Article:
The visit

2nd floor: civilians and the Occupation

Civilians and the Occupation area is located on the second floor of The Falaise Memorial - Civilians at war, it deals with the period of Occupation in Normandy.

This part of the memorial depicts the uniqueness of occupied France: heavy German military administration, and the formation of the new French State. It also deals with all the fundamental issues raised by the Occupation: daily life of the French population, Norman resistance and the repression that followed, Jewish persecution, and the exodus of 1940.

The German occupation

The Falaise Memorial visit begins with a voyage into the depths of Occupied France.

After the armistice was signed on 16 June 1940, Hitler’s aim was to plunder France. Just as he would set out to plunder every occupied country.

A demarcation line was established, separating France into two large zones, one of which was free. An extortionate daily allowance had to be paid and armies were broken up… Suffice it to say that the traumatised people of France had a painful period ahead of them after troops were demobilised and refugees returned home.
It was impossible to cross the demarcation line without a pass or Ausweis.

Administration of the occupied zone was under German military command – a total of about 140,000 German men and women for a French population of 40 million.

During the first few months of the Occupation, propaganda about courteous German soldiers existing alongside the civilian population was widely put about using photographs and films taken by soldiers in the Propaganda Kompanien, like here in the Allier in June 1940. 

Very quickly, however, the French people had to struggle to get food to fill their empty stomachs and to live on despite unbearable restrictions and terrible shortages.
For over five years, civilians resisted, endured and suffered in their bodies, their hearts and their minds - famine, injury and loss were constant agonies.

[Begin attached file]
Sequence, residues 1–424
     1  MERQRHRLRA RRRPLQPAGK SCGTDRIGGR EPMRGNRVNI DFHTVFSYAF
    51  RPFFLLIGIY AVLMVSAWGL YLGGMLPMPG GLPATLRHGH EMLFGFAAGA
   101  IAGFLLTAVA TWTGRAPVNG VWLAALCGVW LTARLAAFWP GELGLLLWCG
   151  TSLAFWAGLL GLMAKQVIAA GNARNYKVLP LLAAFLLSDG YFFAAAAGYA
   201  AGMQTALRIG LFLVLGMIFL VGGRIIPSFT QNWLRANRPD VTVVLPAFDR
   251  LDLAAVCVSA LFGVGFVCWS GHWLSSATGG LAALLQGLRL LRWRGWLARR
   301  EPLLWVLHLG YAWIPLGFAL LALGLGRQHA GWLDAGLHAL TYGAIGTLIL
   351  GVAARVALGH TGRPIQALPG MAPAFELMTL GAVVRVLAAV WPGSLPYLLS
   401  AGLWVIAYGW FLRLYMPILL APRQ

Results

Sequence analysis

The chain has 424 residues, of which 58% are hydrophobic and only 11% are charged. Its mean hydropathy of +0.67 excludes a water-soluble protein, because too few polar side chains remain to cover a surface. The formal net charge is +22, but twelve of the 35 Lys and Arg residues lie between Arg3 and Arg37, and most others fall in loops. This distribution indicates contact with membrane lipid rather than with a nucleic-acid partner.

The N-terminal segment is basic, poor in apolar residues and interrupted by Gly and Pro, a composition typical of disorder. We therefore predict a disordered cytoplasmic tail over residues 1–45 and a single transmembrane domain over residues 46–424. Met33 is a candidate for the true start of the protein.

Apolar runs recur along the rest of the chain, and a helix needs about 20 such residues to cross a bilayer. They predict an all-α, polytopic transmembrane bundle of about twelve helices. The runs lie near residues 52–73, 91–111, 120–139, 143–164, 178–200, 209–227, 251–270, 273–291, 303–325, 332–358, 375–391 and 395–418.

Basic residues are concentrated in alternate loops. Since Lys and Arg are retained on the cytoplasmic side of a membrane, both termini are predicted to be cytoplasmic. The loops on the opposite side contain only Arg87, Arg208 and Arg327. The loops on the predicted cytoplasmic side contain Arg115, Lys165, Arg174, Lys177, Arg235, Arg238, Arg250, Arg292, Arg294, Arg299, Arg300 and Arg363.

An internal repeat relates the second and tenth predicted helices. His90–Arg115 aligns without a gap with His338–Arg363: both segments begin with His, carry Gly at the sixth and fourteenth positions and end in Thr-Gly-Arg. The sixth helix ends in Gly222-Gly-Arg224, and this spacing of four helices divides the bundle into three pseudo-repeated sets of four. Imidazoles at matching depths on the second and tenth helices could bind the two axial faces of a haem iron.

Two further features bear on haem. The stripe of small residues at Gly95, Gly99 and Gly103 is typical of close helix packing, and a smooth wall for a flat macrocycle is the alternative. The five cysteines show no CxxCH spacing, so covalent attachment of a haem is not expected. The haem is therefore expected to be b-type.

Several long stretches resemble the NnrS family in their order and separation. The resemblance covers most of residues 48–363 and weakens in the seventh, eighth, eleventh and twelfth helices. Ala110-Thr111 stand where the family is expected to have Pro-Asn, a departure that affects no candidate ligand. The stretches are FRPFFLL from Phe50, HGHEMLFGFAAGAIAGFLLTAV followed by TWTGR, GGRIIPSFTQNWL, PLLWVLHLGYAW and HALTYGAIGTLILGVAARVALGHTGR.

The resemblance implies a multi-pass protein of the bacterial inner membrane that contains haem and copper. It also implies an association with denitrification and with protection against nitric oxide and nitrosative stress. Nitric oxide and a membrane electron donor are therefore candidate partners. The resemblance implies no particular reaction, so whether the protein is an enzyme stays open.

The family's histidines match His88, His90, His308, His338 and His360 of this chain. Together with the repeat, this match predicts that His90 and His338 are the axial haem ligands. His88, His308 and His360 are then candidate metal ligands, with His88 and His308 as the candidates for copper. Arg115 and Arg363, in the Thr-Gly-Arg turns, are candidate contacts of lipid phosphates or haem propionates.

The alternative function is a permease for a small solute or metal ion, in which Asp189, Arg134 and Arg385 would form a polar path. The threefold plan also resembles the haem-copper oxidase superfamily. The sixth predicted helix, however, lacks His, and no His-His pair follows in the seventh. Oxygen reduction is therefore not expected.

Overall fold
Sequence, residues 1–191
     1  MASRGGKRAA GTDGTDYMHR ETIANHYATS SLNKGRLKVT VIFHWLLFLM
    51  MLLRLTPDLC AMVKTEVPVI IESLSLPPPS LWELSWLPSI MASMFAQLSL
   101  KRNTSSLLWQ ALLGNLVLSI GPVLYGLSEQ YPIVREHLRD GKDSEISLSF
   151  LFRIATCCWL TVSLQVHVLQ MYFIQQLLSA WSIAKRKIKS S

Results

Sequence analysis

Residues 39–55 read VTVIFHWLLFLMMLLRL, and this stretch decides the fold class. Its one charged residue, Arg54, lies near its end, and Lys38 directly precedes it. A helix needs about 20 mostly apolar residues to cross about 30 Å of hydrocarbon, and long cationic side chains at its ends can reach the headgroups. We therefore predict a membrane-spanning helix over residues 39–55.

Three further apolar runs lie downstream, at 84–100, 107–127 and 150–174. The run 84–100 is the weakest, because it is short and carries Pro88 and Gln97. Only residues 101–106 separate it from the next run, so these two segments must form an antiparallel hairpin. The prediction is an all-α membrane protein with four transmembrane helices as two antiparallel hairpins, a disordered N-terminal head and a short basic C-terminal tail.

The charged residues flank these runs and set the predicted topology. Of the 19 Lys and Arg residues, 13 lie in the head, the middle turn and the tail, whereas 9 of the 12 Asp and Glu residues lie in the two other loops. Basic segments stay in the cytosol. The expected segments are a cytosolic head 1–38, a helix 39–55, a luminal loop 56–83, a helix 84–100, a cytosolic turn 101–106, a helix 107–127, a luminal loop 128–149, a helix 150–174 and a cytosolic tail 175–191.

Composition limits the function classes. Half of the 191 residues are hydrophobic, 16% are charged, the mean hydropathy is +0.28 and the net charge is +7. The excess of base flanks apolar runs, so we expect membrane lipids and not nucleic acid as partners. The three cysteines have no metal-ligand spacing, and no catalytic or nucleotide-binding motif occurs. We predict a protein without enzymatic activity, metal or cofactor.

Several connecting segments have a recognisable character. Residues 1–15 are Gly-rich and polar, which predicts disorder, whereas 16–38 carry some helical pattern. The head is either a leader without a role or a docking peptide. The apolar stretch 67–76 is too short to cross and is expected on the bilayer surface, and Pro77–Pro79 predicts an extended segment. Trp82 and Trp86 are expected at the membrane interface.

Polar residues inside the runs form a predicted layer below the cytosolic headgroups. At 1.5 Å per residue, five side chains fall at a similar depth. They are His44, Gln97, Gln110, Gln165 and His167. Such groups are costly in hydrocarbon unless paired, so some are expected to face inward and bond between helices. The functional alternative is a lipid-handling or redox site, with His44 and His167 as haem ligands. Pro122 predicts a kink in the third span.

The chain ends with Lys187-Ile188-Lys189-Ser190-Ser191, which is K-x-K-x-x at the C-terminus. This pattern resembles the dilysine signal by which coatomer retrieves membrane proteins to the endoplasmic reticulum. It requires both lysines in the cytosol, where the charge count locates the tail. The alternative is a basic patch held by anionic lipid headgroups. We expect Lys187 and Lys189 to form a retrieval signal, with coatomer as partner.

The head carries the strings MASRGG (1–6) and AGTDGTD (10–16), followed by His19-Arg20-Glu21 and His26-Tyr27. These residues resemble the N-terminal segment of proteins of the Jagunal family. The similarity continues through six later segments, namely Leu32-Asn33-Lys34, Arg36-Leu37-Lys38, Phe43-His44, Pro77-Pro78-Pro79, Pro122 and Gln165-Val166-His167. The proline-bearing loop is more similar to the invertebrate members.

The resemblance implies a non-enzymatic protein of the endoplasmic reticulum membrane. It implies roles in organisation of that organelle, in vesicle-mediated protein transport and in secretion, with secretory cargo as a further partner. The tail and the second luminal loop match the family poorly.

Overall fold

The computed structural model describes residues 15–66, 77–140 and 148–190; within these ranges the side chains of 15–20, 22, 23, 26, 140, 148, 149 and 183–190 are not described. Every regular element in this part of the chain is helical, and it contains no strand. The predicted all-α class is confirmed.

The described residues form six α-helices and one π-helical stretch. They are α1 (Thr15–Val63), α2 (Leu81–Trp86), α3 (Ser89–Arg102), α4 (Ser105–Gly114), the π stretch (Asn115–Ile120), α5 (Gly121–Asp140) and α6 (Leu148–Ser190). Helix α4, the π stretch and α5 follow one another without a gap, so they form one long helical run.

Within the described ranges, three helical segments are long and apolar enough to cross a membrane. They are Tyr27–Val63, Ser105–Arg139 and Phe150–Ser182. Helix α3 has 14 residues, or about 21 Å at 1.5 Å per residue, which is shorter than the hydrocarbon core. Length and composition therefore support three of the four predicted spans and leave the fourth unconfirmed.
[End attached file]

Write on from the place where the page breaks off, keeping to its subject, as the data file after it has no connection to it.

Daily life

For most French people, the German Occupation was primarily characterised by a restriction of freedom but it also made daily life very difficult. Occupying forces plundered France of all its resources. 

Damage caused by the German invasion significantly slowed down industrial and agricultural production. Fuel shortages brought tractors to a halt. Women had to do most of the work to make up for the many men who had been taken prisoner.
And on top of all that, the country had to pay for its occupation and supply German troops with board and lodging.

In the autumn of 1940, when the situation was becoming unbearable, a ration ticket system was put in place.
Depending on whether you were a man, woman or child, rations varied between 1,200 and 1,800 calories. Age and place of residence were also taken into account.

In such a context, it was inevitable that the black market would come into play.
Everything was now negotiable, as long as you had the resources. The black market deepened the rift of social inequality and some people seized the opportunity to get rich.

And yet, during these dark years, civilians tried to live a “normal” life. This is what we are trying to get across by showing the places that marked these people’s daily lives – a cinema, the Maréchal’s school, a German Placement Office.


The repression

As you take the corridor along the second floor gallery, the walls will gradually reveal what it was like as a civilian to live through wartime repression.

As soon as they arrived in France, German occupation authorities installed their own judicial system. At the same time, the Vichy government also adopted a legal framework to judge and sentence opponents. This double-edged repression, one of the main targets of which was the Resistance, became even more effective with the establishment of the Milice in January 1943. Tens of thousands of opponents and members of the Resistance – men and women alike - fell victim to this paramilitary group and were arrested, imprisoned, tortured, executed or deported to Nazi concentration camps.

In 1942, Joseph Etienne known as "Jean", with the help of two other members of the communist Resistance in the Front National du Calvados, twice sabotaged railway tracks in Airan as a German train full of soldiers on leave passed by.

The Jewish population was, of course, being persecuted and subjected to exclusion measures taken by the Vichy government and then by German authorities. These measures led to 65,000 Jewish men and women plus 11,000 children being deported to extermination camps. Only 2,500 survived.

As anti-Jewish raids, police repression and rationing intensified, and as the first Allied successes were reported from the front, French opinion began to turn against collaboration.
Through its sabotage operations and intelligence work, the Resistance was to be of huge importance to the Allies, particularly during the Normandy and Provence landings in 1944.

16 April 1942 – measures taken by German military authorities in Calvados after the first Airan sabotage: curfew from 7.30pm to 6am; bars and cinemas closed at 6pm; sporting events forbidden; immediate execution of 20 communists and Jews with 25 more to be killed later; deportation "to the east" of first 500, then 1,000 communists and Jews, if the perpetrators were not arrested within a week.


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